The list of compounds identified with a composition higher than 1% in oils is shown in the Table 1. The retention times, which were determined from three independent experiments, showed a coefficient of variation less than 2%. The major constituents in peel oils were limonene (13.07%) and thujopsene (6.96%) while seed oils were limonene (20.89%) and β-pinene (11.48%) (Table 1).

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Table 1. Composition of the volatile compounds indentified in the essential oils of the peel and seed of Campomanesia adamantium fruits.

http://dx.doi.org/10.1371/journal.pone.0157107.t001

Oral administration of EOP and EOS significantly inhibited the leukocyte migration at all doses tested (100 and 300 mg/kg). A significant decrease was observed in leukocyte migration, at the dose of 300 mg/kg of EOP and EOS, with maximum inhibition at 89±3% for EOP and 80±6% for EOS (Fig 1).

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Fig 1. Effect of oral administration of essential oil from peel (EOP) and seed (EOS) in inhibition of leukocyte migration at both doses tested in pleurisy test.

Mice were treated one hour before an intrapleural injection of carrageenan, with EOS and EOP (100 or 300 mg/kg), dexamethasone (dexa, 1 mg/kg, s.c.), or saline solution (Vehicle). Naive group, also treated with saline p.o., received an intrapleural injection of sterile saline. The bars express the mean ± SEM of 5 animals. * p<0.001 when compared to control group. Differences between groups were analyzed by analysis of variance (one-way ANOVA) followed by the Newman-Keuls test.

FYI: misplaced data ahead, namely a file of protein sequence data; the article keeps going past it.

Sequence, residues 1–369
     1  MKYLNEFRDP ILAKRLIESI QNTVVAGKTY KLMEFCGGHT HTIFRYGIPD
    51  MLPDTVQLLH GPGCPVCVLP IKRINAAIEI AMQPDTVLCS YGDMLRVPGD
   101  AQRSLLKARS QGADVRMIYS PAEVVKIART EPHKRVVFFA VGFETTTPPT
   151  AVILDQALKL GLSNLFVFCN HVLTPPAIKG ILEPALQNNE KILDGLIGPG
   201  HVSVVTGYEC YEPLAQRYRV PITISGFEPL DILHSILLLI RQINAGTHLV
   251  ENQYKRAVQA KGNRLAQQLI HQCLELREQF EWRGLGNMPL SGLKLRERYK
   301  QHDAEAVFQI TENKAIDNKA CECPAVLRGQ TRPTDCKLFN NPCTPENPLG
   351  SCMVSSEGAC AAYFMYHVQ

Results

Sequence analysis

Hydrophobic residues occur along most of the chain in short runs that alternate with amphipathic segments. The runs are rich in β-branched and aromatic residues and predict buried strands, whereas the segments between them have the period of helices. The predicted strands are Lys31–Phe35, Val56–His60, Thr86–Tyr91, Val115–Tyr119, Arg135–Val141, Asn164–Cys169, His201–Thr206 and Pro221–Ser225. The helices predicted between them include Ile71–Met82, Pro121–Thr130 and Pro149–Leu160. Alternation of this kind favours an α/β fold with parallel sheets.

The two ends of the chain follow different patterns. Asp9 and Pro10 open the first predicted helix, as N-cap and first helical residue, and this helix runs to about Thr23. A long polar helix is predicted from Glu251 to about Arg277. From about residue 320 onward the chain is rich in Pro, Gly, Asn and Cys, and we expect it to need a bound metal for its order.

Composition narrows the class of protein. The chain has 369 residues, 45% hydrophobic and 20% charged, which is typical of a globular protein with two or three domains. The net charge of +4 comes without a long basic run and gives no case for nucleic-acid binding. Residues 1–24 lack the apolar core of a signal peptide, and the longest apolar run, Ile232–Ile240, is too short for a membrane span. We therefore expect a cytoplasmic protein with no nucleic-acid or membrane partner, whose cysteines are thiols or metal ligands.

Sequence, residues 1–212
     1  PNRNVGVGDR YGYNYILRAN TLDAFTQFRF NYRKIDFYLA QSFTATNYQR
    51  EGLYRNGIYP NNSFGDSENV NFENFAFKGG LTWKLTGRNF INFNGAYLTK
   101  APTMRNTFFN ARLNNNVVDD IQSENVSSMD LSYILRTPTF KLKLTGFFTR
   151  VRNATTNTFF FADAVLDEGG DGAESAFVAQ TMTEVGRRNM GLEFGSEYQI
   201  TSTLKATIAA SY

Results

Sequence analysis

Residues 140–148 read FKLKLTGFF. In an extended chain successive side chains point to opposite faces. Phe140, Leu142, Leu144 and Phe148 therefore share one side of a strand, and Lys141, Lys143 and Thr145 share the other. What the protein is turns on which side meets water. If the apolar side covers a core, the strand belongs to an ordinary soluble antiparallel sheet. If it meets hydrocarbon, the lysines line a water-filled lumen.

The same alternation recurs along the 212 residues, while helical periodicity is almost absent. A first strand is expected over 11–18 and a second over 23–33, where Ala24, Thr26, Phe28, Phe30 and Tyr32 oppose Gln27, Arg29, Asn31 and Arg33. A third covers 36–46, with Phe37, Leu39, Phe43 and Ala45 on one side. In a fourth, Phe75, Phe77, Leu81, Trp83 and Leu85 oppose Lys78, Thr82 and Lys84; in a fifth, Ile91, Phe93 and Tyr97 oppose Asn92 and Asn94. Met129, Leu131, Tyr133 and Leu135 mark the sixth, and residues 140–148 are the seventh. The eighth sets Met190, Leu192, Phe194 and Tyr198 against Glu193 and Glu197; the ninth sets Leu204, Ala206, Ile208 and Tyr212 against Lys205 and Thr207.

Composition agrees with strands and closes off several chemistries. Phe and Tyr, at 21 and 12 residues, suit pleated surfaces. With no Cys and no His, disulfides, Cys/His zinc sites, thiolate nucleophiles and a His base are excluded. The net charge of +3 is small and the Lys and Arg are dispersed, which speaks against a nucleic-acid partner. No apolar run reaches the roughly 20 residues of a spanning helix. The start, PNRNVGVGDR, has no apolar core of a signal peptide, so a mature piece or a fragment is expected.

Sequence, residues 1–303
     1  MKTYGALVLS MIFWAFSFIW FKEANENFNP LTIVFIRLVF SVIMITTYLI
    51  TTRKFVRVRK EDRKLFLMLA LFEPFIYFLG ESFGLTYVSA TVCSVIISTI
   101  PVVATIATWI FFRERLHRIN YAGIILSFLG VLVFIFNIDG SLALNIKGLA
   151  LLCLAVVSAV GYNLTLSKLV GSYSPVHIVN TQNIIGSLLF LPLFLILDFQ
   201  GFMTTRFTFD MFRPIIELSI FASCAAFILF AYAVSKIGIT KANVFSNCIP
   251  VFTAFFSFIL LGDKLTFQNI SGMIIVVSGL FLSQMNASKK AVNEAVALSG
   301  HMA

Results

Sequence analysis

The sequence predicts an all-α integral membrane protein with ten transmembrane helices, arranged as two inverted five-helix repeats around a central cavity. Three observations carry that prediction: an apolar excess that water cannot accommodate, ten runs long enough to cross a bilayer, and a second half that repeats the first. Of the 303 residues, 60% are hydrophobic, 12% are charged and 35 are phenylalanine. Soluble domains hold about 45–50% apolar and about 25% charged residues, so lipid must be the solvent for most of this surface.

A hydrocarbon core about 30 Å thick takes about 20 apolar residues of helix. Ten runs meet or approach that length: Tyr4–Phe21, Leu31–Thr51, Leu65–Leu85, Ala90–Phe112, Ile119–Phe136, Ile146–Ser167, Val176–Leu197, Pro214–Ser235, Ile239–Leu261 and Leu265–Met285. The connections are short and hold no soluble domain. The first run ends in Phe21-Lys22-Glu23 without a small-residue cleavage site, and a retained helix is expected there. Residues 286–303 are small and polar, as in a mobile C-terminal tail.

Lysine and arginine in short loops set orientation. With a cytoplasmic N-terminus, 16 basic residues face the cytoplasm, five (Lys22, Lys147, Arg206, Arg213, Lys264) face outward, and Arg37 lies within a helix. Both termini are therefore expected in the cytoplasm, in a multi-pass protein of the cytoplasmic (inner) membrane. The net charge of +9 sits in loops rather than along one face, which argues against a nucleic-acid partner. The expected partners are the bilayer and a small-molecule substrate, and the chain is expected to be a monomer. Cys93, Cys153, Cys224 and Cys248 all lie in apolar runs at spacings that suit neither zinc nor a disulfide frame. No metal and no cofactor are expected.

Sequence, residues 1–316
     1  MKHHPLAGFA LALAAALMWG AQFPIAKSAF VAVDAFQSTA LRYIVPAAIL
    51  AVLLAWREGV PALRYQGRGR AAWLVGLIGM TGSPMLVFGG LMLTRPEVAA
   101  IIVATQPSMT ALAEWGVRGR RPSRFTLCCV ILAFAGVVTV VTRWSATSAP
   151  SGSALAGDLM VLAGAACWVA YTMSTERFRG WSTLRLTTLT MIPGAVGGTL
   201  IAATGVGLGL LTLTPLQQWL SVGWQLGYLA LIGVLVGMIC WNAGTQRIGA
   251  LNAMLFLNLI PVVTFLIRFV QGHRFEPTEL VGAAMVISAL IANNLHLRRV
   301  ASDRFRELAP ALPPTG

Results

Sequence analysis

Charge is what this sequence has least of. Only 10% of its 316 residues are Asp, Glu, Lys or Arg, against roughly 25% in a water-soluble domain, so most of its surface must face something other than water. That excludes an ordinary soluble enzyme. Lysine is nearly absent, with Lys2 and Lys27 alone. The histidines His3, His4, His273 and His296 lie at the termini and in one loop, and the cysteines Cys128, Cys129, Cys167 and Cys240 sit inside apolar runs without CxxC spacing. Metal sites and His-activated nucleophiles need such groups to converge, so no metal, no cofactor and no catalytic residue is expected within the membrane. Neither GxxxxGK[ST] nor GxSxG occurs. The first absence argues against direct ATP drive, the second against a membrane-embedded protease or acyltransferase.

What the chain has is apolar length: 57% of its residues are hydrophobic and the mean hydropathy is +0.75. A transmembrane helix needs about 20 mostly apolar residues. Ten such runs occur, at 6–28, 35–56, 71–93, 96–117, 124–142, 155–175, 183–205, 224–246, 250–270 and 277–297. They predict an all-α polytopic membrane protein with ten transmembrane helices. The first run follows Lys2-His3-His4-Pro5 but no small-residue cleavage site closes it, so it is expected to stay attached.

http://dx.doi.org/10.1371/journal.pone.0157107.g001

EOP and EOS caused a reduction in paw oedema induced by carrageenan (Fig 2) at all times, and maximum inhibition was at the dose of 100 mg/kg after 2 h of carrageenan injection (72±2% for EOP and 74±2% for EOS), respectively.

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Fig 2. Effect of oral administration of essential oil from peel (EOP) and seed (EOS) from Campomanesia adamantiun in carrageenan-induced paw oedema in mice.

Animals received EOP and EOS (100 or 300 mg/kg, p.o.) or control (vehicle) or dexamethasone (DEXA, 1 mg/kg, s.c.) and after 1 h an intraplantar injection of carrageenan (300 μg/paw) for evaluation of paw oedema for (A) 1, (B) 2, (C) 3, and (D) 4 h after carrageenan injection. Each bar represents the mean ± SEM of 5 animals. * p <0.001 when compared with the control group. Differences between groups were analyzed by analysis of variance (one-way ANOVA) followed by the Newman-Keuls test.